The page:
In 1903 the American confectionary company Breisch-Williams produced a set of baseball cards to be included in their boxes of caramel.

It was the first set of the 20th century and also contained great players from the 19th century.

Then in 1907 the American Tobacco Company began to be dismantled by the U.S Government as it was in violation of Antitrust laws, and this action combined with new competition from Turkish tobacco companies meant firms once more began to produce baseball cards as marketing tools.

From this period on trading cards of all types began to be produced. In 1910 both the first sets of basketball and hockey cards were produced by cigarette companies, and other sports like boxing and golf were included in smaller runs.

A major change for the industry came in 1928 with the invention of chewing gum. The gum became a craze amongst children in the early 1930s and companies such as Goudey Gum, George C. Miller Co., and Delong began to produce cards in great numbers.

World War II

World War II saw a halt in the production of trading cards as all printing factories and supplies were used to help the war effort. In 1948 when production resumed the Bowman Gum Company and the Leaf Candy Company each created notable baseball card sets.

They also both produced American Football sets, which Bowman continued until 1956.

First baseball card sets

In 1952 the Topps Chewing Gum Company of New York produced its first ever baseball card set, and in 1956 they bought Bowman Gum, effectively ending their competition.

In 1957 they changed to a 2.5 inch by 3.5 inch card size, which became the de facto standard for baseball card sizes.

During this period Topps also produced non-sports trading cards such as “Funny Monsters” and “Mars Attacks”, and during the 1960s began to produce cards based around television shows and bands such as The Beatles.

From then until the present day, Topps have been a dominant force in the trading card business. Until 1980 they maintained the sole license to produce official baseball cards, when they were challenged in court by companies such as Donruss and Fleer.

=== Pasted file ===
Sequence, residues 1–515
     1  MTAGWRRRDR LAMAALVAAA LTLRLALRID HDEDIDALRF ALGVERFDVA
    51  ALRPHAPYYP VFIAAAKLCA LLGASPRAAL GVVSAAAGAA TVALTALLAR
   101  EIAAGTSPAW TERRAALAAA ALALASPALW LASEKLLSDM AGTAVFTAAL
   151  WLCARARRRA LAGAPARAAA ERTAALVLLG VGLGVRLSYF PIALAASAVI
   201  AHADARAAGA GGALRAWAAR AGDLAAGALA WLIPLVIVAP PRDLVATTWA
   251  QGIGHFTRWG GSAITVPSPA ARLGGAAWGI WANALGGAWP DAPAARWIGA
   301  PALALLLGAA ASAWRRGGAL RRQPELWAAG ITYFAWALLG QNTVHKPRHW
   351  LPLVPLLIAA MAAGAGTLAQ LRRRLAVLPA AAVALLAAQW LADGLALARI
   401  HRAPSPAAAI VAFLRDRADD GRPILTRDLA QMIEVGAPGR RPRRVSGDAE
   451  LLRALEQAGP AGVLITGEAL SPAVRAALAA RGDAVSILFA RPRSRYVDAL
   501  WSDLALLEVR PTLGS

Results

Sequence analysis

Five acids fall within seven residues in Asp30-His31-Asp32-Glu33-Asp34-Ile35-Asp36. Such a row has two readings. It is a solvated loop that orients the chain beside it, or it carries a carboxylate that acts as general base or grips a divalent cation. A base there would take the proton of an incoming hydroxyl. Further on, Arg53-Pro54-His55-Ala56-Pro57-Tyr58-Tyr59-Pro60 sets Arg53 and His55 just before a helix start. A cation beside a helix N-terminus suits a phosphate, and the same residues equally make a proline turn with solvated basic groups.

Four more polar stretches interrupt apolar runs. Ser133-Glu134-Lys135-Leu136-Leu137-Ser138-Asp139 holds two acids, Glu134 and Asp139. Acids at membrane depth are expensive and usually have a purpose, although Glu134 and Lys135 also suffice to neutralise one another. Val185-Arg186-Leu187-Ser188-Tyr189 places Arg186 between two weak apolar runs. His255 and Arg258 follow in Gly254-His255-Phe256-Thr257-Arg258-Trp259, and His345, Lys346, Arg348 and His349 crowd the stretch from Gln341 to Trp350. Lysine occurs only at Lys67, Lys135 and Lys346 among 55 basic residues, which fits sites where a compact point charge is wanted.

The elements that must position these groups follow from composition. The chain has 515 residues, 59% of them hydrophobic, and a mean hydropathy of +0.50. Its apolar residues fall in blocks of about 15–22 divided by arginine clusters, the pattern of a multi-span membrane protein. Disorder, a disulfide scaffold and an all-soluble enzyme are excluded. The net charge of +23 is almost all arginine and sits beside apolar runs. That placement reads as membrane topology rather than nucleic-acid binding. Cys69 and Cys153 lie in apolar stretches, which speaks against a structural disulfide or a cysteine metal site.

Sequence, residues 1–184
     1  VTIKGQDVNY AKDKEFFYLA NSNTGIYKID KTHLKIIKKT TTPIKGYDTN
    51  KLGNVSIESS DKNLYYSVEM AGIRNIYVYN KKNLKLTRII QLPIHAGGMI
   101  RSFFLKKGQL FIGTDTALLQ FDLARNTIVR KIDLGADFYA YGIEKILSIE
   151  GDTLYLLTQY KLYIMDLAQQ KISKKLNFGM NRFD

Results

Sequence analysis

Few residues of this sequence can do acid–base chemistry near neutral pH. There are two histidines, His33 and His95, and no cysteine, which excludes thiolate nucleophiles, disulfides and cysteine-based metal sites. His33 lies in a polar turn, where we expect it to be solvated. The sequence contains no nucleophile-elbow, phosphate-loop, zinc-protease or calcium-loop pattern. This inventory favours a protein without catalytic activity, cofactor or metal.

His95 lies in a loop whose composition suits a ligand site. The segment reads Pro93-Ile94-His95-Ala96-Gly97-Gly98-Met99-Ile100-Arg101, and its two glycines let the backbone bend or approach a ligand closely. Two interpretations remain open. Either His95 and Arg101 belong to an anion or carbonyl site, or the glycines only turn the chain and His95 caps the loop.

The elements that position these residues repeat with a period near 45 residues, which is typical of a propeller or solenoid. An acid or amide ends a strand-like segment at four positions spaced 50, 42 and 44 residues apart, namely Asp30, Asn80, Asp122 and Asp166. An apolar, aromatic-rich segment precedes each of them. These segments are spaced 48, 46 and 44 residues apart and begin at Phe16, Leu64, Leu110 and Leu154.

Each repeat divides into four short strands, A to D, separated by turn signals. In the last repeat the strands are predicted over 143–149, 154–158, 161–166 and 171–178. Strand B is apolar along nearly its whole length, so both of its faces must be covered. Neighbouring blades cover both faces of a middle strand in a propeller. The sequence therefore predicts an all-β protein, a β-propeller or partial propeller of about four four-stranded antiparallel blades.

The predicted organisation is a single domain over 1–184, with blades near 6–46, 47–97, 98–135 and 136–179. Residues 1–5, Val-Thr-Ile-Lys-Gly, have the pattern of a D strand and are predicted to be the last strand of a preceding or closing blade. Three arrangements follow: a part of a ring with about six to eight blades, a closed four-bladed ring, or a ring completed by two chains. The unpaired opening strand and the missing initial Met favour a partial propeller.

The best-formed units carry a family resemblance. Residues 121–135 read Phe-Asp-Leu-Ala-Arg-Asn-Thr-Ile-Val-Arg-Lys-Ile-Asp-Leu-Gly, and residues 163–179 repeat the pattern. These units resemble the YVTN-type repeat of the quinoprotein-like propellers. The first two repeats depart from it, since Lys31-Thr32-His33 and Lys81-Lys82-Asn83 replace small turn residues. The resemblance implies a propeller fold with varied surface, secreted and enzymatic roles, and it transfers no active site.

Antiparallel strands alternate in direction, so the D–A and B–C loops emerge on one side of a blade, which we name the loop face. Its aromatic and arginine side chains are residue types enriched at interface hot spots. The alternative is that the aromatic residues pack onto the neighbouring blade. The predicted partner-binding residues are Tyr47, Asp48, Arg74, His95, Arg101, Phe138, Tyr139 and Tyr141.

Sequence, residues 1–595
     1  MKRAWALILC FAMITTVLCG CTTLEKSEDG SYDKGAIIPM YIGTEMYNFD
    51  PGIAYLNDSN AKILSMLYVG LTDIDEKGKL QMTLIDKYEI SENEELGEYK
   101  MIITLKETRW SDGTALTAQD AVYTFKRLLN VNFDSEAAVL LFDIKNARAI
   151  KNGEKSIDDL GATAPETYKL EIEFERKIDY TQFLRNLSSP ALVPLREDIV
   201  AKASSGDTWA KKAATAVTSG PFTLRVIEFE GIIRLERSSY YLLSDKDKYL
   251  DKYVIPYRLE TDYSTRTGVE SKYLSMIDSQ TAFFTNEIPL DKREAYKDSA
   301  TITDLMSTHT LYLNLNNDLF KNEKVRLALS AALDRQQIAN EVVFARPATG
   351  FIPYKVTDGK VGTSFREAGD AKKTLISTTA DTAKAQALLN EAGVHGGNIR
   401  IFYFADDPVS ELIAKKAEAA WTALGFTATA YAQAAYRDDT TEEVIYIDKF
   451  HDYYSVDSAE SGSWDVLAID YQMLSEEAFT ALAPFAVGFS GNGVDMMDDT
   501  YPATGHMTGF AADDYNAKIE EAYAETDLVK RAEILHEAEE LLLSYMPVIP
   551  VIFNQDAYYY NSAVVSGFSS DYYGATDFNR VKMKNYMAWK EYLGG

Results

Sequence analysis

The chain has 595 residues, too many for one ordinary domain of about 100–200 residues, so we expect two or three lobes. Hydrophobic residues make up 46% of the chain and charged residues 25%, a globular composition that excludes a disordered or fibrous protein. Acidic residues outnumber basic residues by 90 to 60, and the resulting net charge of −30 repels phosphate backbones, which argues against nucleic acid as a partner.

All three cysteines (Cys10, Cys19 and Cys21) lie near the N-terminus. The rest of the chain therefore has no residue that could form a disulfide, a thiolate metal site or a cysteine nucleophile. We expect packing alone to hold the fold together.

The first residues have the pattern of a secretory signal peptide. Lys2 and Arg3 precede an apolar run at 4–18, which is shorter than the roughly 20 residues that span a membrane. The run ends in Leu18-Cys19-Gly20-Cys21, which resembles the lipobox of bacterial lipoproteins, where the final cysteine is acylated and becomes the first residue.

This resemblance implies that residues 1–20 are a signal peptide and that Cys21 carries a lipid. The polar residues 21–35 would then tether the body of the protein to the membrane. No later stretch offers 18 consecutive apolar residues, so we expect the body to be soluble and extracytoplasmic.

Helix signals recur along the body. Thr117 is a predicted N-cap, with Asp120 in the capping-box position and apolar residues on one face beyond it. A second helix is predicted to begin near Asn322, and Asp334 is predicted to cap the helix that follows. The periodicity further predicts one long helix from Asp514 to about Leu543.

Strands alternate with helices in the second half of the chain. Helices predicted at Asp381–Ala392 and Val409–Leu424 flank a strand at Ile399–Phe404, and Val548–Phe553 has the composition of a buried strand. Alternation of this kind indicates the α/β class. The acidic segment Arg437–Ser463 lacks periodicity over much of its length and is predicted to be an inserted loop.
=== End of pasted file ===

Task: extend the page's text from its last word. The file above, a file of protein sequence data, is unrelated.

Topps lost the ruling, during the 1980s and 90s there were a number of companies producing baseball cards including Score and Upper Deck, who created both "Certified Autographed Inserts" and ‘game-worn’ cards, both of which were innovations popular with collectors.

However, in 2009 Topps regained the license to produce official Major League Baseball cards, and in 2010 also won the license for USA Baseball cards.

Types and manufacturers

There are a number of different types of trading cards.

Companies produce them in variations to make them more collectable, and through their history there have been many innovations such as 3D cards and those featuring pieces of game-worn jerseys by famous players.

There have also been a large number of trading card manufacturers over the years, with some specializing in certain areas.

The world’s most expensive trading card

The most valuable trading card ever sold at auction is the Honus Wagner T206 baseball card.

The card, issued by the American Tobacco Company between 1909 and 1911, depicting Pittsburgh Pirates' player Wagner, is also the rarest in the world, with only 50 – 200 cards believed to have been produced.

On September 6 2007 it was sold to an anonymous private collector for $2.8m.